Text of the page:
Republicans attuned to conservative third-party efforts say that with less than two weeks to go until Election Day, the prospects for any 11th-hour, anti-Obama ad campaigns are highly unlikely.
Many in the party, including inside the McCain campaign, have held out hope that a deep-pocketed benefactor would emerge to bankroll ads in the campaign's final days — spots that might, for example, resurrect the most incendiary clips from the Rev. Jeremiah Wright.
But thanks largely to lack of passion for McCain within the conservative base, diminished hopes that he can win and a sharp decline in the stock market that has badly pinched donors' pockets, veteran Republican operatives say it appears almost certain that what could be the most damaging line of attack against the Democratic nominee will be left on the shelf.
"It's Oct. 21, and if you can't say it by Oct. 21, then chances are you're not going to say anything," said Chris LaCivita, the strategist behind the Swift Boat Veterans for Truth in 2004. LaCivita has been working for a new conservative third-party group this year, the American Issues Project.
That group, known in the political community as AIP, was eyed by some in the GOP as a potential major player in taking on Obama. It spent nearly $3 million in key states in August on a tough ad tying the Illinois senator to '60s-era domestic terrorist William Ayers and promised additional spots in the fall campaign.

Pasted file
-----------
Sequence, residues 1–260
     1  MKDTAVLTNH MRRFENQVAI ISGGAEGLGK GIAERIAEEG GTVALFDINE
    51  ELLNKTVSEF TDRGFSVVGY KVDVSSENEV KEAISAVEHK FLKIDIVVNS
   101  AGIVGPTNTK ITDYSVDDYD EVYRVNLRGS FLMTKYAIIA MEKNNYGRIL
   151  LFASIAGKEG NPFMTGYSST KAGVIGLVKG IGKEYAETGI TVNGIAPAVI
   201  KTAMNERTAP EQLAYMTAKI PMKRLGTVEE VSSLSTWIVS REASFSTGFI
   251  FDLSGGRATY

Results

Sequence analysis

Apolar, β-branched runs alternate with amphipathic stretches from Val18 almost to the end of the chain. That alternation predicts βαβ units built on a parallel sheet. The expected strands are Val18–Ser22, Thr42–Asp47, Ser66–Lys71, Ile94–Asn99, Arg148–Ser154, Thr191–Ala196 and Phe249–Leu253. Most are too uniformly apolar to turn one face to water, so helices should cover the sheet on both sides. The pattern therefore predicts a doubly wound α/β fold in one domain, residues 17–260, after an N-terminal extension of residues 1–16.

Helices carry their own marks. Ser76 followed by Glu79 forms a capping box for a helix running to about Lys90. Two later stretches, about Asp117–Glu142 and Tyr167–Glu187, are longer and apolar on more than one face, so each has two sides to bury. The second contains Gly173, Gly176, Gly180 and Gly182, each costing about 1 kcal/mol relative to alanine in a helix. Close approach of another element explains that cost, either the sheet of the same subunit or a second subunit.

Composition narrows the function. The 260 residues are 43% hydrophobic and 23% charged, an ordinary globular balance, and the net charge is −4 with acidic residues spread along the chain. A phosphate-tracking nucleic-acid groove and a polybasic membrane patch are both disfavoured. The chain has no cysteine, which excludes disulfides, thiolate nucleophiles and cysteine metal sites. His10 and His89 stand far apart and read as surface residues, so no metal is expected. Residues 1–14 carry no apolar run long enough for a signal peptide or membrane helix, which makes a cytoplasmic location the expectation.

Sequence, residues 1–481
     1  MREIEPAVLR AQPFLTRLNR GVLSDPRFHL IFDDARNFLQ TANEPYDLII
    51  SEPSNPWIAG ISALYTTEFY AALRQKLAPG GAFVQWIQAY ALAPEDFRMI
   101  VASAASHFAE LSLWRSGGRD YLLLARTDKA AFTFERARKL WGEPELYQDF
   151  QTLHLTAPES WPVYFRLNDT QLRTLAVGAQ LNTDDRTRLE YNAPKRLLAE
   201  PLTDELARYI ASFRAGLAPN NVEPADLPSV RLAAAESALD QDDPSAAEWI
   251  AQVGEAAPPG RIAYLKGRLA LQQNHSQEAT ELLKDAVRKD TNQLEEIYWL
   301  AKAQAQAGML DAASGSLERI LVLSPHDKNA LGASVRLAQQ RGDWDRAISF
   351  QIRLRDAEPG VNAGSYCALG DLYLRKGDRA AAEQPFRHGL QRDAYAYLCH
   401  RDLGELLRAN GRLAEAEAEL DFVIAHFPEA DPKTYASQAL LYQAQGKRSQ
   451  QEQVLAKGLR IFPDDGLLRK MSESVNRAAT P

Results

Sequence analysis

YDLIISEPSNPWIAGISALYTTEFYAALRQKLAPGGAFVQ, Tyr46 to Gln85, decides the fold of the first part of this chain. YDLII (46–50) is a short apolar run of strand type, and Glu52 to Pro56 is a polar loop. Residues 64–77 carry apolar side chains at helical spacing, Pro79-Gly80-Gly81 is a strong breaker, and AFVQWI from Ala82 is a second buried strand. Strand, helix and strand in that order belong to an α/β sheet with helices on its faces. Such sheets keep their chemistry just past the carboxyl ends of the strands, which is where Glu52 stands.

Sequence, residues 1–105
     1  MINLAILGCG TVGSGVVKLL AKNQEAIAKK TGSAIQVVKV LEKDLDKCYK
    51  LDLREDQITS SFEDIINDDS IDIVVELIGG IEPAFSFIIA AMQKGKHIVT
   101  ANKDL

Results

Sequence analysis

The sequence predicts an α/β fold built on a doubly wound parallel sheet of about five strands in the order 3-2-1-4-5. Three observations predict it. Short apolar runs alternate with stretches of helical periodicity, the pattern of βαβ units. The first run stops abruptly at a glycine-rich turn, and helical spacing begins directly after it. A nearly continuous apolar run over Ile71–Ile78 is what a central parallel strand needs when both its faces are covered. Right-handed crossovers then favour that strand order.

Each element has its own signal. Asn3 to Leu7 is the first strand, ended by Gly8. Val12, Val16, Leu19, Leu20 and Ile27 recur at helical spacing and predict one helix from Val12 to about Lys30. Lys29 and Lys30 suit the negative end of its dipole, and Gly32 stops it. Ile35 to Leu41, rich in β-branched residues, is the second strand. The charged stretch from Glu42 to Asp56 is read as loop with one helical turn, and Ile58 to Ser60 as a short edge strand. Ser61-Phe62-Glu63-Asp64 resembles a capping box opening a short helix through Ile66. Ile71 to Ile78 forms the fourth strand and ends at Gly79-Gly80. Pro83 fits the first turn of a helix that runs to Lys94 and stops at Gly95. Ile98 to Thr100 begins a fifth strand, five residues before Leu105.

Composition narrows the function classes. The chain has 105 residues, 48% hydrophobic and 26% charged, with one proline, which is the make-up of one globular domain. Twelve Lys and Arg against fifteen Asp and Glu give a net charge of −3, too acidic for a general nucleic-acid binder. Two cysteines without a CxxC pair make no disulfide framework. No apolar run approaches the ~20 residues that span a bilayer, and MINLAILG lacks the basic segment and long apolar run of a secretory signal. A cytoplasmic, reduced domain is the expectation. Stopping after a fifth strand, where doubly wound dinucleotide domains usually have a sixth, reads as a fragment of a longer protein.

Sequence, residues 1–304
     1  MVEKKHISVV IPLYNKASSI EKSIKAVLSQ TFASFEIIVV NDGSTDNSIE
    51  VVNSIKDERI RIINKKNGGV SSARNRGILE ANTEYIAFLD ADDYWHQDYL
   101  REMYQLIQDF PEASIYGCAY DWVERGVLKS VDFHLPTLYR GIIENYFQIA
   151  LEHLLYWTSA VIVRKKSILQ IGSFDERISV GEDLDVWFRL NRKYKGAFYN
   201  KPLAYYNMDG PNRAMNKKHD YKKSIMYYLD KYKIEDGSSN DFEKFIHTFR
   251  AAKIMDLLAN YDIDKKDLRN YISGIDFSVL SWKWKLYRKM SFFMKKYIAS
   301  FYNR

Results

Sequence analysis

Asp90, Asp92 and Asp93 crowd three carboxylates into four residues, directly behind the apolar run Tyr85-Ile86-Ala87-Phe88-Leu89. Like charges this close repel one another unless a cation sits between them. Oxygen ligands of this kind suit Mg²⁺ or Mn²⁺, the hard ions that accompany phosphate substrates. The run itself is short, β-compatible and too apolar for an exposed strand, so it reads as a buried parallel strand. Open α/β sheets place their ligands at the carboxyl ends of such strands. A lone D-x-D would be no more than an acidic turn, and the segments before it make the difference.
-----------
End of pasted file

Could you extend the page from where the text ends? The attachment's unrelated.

That never happened.
"Donors just weren't willing to give the money," explains LaCivita. "They were hurt badly in the market crash and they were always concerned about how McCain would react."
The timing of the financial crisis couldn't have been worse for Republicans. When Lehman Brothers went under on Sept. 15, McCain was tied or in the margin of error in national polls. But when his poll numbers fell along with the stock market, wealthy conservatives saw little reason to invest their shrunken holdings on what was far from a sure thing.
"Republican donors, at the end of day, aren't stupid," said another Republican familiar with third-party activities this cycle. "They're not going to throw good money after bad."
And it wasn't just the economic bad news — McCain did little to help his own cause.
Two Republican sources involved in third-party groups said the Arizona senator's second debate performance in early October, a pivotal moment in the campaign when he and running mate Sarah Palin had begun to ratchet up their attacks, was deflating to some donors.
These sources said that after McCain didn't use the Nashville debate to aggressively go after Obama, one prominent conservative financier remarked: "I'm not going to bother investing anymore."
Wednesday, October 22, 2008
"They're not going to throw good money after bad."
This Yahoo! story provides a companion piece to the Slate analysis I mentioned in my previous post. Here's a sample: